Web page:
Traction alopecia sounds a lot scarier than it actually is (don't worry, it's not deadly or anything), but it's still something that no one wants—especially if you prefer styling your hair in boxer braids every day. That's because it's basically a fancy way of saying, "hair loss due to aggressive styling."
While most hair loss is hormone related (for example, most women experience it during menopause), traction alopecia is strictly about physical trauma to the hair follicle, says Kenneth Anderson, M.D., board certified hair restoration expert and surgeon in Atlanta, GA.
"Traction alopecia is really a matter of pulling the hairs out," he says. "If you pull hair out, it's almost certainly going to grow back. But every time you pull it out, it delivers a little injury to the follicle, and eventually it's going to stop."
The number one culprit? Consistent styling in super tight hairstyles like dreadlocks, cornrows, tight weaves, braids, heavy extensions, etc. The result: patches of baldness where your once-thick hair used to be. And it's actually super common, though more so among African American women. Almost half of African American women have experienced some type of hair loss (from traction alopecia or otherwise), according to a survey by the American Academy of Dermatology. (BTW there are even more sneaky reasons for hair loss you probably didn't know about.)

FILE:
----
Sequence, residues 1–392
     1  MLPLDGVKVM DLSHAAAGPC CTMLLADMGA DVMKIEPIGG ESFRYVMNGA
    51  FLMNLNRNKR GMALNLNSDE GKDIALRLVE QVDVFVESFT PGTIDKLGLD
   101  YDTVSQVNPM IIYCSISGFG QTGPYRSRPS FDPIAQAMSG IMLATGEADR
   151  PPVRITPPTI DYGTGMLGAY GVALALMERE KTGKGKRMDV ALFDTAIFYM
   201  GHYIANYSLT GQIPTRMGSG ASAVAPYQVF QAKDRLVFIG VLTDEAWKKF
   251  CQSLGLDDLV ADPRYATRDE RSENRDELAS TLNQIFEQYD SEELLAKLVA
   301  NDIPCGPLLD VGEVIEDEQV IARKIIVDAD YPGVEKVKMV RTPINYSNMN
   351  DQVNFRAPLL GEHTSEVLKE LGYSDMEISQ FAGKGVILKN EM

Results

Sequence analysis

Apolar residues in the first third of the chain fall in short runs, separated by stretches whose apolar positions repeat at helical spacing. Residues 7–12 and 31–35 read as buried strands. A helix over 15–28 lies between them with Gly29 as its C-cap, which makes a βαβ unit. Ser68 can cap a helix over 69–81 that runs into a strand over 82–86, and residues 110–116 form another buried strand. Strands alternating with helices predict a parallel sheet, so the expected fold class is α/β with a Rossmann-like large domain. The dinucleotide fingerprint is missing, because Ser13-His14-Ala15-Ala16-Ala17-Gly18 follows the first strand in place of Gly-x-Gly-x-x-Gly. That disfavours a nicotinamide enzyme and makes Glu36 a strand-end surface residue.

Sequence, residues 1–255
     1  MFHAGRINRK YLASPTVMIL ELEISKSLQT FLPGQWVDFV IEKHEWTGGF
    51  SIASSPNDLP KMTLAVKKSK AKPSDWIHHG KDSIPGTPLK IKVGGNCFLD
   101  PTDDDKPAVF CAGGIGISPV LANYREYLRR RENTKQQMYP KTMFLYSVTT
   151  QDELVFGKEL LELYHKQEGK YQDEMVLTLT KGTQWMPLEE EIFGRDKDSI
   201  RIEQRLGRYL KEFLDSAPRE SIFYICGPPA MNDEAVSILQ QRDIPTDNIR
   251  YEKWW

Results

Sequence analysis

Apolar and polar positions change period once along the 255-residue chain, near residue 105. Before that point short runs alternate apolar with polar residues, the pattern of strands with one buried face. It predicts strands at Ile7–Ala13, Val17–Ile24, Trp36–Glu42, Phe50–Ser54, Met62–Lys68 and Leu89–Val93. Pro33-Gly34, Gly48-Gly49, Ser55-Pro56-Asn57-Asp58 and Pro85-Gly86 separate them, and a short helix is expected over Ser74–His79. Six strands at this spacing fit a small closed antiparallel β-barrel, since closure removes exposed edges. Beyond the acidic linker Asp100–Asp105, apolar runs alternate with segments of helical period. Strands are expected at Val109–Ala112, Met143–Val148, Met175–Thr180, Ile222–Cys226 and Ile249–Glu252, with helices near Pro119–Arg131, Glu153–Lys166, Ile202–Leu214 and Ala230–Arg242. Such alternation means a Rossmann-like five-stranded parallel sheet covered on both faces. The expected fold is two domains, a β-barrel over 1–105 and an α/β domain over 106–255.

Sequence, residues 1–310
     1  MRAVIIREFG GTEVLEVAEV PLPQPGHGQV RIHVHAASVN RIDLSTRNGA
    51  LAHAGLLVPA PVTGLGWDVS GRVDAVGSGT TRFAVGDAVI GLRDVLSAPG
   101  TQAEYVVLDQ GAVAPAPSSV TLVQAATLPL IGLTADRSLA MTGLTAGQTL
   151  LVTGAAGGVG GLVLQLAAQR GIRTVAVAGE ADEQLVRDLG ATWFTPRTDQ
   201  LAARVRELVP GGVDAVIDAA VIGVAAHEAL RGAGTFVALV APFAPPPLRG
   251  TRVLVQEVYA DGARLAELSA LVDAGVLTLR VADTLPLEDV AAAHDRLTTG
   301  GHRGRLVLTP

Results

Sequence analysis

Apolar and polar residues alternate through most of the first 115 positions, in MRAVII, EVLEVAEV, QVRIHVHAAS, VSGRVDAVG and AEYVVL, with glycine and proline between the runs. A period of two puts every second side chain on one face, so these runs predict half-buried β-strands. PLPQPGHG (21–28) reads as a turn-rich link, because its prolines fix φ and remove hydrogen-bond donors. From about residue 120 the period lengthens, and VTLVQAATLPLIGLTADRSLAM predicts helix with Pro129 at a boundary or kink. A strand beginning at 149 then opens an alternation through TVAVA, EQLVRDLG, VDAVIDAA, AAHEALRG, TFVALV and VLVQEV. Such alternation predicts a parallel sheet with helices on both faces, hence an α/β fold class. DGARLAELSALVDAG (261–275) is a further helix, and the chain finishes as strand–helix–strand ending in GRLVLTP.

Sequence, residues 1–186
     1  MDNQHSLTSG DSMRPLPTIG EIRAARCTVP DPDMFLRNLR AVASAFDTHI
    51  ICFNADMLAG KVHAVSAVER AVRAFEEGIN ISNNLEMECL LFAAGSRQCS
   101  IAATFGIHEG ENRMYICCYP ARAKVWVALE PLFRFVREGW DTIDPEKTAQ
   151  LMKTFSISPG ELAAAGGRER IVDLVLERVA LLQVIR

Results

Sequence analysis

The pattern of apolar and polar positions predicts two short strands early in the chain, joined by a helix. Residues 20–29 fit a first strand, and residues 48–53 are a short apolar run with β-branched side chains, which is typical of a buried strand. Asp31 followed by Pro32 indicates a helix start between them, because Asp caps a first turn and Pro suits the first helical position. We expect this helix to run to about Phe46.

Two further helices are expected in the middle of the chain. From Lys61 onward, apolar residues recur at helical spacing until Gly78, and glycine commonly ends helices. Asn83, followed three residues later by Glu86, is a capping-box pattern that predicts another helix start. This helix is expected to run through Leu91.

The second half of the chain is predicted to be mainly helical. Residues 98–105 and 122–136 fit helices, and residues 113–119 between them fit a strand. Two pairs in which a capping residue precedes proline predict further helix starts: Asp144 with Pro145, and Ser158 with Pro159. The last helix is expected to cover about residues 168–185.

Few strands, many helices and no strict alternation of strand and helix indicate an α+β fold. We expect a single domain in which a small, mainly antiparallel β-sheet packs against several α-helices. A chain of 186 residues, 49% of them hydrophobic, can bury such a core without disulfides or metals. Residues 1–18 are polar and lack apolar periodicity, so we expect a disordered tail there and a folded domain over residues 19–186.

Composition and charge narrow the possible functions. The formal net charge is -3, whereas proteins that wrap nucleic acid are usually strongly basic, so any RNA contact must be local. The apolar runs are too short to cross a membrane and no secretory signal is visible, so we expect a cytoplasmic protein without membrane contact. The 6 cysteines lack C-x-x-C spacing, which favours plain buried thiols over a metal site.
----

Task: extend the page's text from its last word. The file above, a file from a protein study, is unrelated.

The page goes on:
As for Kim K? Dr. Anderson says the patchy hair that paparazzi photos show is consistent with the appearance of traction alopecia, but there's no definite way to tell. But she's been known to style her hair in braids and uber-tight pony tails, so it's certainly not out of the question.
The scary part of traction alopecia is that it's irreversible. If your hair hasn't come back in about six months, it's most likely permanent and the only true solution is a hair transplant, says, Dr. Anderson.
But let's pause before you start undoing your fishtail or sleek topknot—one week in boxer braids or a month with corn rows won't suddenly result in the loss of all your hair. It takes months on months or many years of tension on your roots to leave you with permanent loss. (First step: find out how much hair loss is normal.)
So relax, and go get your hair done. Just keep tabs on how hard you're yanking on those tresses.